Q: When was the first checked bag fee?

A: American Airlines in May 2008 became the first major U.S. carrier to charge a fee for checking a suitcase. (Some discount airlines already had such a fee.) The other large airlines quickly followed.

Q: Why did the airlines do this?

A: In 2004, U.S. airlines were paying an average of $1.15 a gallon for jet fuel. By 2008, the cost had tripled.

Q: How much money does that bring in for airlines?

A: The typical bag fee is $25 for the first checked suitcase, $35 for the second. That added up to $3.4 billion last year. Airlines collected another $2.8 billion from flight change fees, typically $200.

Q: Are there other fees customers should know of?

A: Most airlines offer early boarding, priority screening and extra legroom for a fee. Some charge for advance seat assignment. Others charge to use the overhead bin. Some charge extra for water or soda.

Q: Don’t consumers know about these fees?

A: Airlines must post charts with all their fees online, but they can often be hard to find, and confusing. For instance, United Airlines charges $9 to $299 for extra legroom, the price fluctuating depending on length of the trip and demand for that flight. Passengers using Expedia, Orbitz or Kayak aren’t given the same details.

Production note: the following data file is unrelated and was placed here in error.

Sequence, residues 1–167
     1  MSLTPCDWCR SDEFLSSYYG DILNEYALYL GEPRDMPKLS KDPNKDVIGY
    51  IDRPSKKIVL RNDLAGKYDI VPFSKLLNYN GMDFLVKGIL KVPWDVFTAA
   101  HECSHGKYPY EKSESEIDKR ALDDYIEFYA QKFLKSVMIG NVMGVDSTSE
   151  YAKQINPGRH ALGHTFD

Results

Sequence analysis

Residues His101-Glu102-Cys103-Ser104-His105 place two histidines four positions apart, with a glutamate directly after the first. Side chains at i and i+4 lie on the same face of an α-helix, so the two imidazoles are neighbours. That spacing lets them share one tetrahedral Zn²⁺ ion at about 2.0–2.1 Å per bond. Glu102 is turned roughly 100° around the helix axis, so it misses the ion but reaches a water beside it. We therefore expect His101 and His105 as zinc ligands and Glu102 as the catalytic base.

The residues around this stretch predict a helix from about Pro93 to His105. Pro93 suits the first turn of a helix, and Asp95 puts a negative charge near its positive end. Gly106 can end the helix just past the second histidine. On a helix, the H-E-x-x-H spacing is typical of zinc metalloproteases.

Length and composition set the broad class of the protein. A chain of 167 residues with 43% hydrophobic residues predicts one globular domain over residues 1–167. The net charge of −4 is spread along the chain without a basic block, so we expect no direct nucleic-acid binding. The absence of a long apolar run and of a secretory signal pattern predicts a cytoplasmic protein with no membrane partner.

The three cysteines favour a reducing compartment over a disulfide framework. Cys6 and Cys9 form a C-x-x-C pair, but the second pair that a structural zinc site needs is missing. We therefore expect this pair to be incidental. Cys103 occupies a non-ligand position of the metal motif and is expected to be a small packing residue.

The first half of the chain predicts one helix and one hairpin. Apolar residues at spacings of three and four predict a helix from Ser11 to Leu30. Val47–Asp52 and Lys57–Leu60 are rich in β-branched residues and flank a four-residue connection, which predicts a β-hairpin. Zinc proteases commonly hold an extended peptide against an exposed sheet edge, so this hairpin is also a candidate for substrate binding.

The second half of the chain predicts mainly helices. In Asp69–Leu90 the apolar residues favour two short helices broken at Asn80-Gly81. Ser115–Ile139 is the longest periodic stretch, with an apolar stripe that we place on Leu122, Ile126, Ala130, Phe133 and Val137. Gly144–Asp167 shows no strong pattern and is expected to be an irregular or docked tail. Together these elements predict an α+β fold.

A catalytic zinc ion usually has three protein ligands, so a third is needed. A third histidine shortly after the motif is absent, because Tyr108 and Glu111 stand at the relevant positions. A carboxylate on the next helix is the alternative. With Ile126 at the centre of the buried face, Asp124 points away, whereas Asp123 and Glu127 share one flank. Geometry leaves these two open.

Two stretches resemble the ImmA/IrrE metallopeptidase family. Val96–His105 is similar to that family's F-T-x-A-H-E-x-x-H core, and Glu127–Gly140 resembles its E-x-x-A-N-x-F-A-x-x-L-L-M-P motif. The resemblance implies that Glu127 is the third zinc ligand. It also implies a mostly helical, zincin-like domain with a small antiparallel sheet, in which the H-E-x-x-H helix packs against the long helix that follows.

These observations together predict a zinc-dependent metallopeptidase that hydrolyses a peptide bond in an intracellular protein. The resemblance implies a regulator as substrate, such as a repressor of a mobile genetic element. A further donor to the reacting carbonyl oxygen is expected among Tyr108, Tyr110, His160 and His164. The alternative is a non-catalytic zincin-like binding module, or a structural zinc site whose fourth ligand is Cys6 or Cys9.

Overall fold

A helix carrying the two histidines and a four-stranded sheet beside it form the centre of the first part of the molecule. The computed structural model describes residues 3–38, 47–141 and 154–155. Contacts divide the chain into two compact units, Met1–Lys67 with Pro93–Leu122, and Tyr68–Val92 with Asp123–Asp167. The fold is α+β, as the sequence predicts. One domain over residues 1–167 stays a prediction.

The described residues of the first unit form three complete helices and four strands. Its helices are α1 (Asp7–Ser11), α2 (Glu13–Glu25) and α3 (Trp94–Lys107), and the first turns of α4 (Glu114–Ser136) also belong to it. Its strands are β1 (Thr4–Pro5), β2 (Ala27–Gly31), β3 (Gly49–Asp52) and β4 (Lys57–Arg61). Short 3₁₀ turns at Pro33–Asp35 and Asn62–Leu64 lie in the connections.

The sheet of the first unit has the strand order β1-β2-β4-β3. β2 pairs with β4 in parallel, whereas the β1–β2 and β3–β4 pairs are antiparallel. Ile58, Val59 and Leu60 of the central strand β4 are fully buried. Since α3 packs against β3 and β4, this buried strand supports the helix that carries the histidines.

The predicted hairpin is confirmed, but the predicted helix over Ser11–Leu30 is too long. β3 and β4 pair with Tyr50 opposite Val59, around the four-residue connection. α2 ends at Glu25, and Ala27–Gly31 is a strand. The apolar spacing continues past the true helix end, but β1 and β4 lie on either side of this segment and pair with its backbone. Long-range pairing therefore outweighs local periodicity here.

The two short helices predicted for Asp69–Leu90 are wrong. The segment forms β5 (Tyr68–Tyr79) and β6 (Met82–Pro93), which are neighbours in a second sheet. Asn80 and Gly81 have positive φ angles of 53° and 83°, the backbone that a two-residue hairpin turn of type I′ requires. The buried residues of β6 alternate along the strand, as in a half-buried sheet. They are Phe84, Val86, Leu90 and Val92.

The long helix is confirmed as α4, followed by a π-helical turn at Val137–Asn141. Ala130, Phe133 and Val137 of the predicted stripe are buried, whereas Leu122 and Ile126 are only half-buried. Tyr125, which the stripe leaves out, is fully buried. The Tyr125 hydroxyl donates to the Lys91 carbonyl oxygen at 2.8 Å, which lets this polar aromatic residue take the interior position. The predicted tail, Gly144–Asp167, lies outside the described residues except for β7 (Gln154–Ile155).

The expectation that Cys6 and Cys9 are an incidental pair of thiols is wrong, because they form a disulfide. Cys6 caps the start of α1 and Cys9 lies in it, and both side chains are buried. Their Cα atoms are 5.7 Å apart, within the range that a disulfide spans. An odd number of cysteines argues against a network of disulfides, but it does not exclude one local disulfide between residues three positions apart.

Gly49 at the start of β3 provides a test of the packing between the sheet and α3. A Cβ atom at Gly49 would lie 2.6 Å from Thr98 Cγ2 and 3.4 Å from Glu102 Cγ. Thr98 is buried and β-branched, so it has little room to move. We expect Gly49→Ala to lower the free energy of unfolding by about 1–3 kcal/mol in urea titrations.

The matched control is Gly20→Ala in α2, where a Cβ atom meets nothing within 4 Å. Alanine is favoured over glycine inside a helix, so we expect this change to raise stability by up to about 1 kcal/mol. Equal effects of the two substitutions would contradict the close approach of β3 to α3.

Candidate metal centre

Q: How would this proposed rule change that?

A: The third-party sites and airfare search aggregators would, for the first time, have to disclose the fees.

Q: What about taxes and government fees?

A: In 2012, the DOT forced airlines to include taxes and government fees in the price shown for flights. The airlines now want Congress to reverse that rule. Stores, they argue, needn’t include sales tax in the advertised price of jeans. The bill even has its own Orwellian doublespeak name: the Transparent Airfares Act.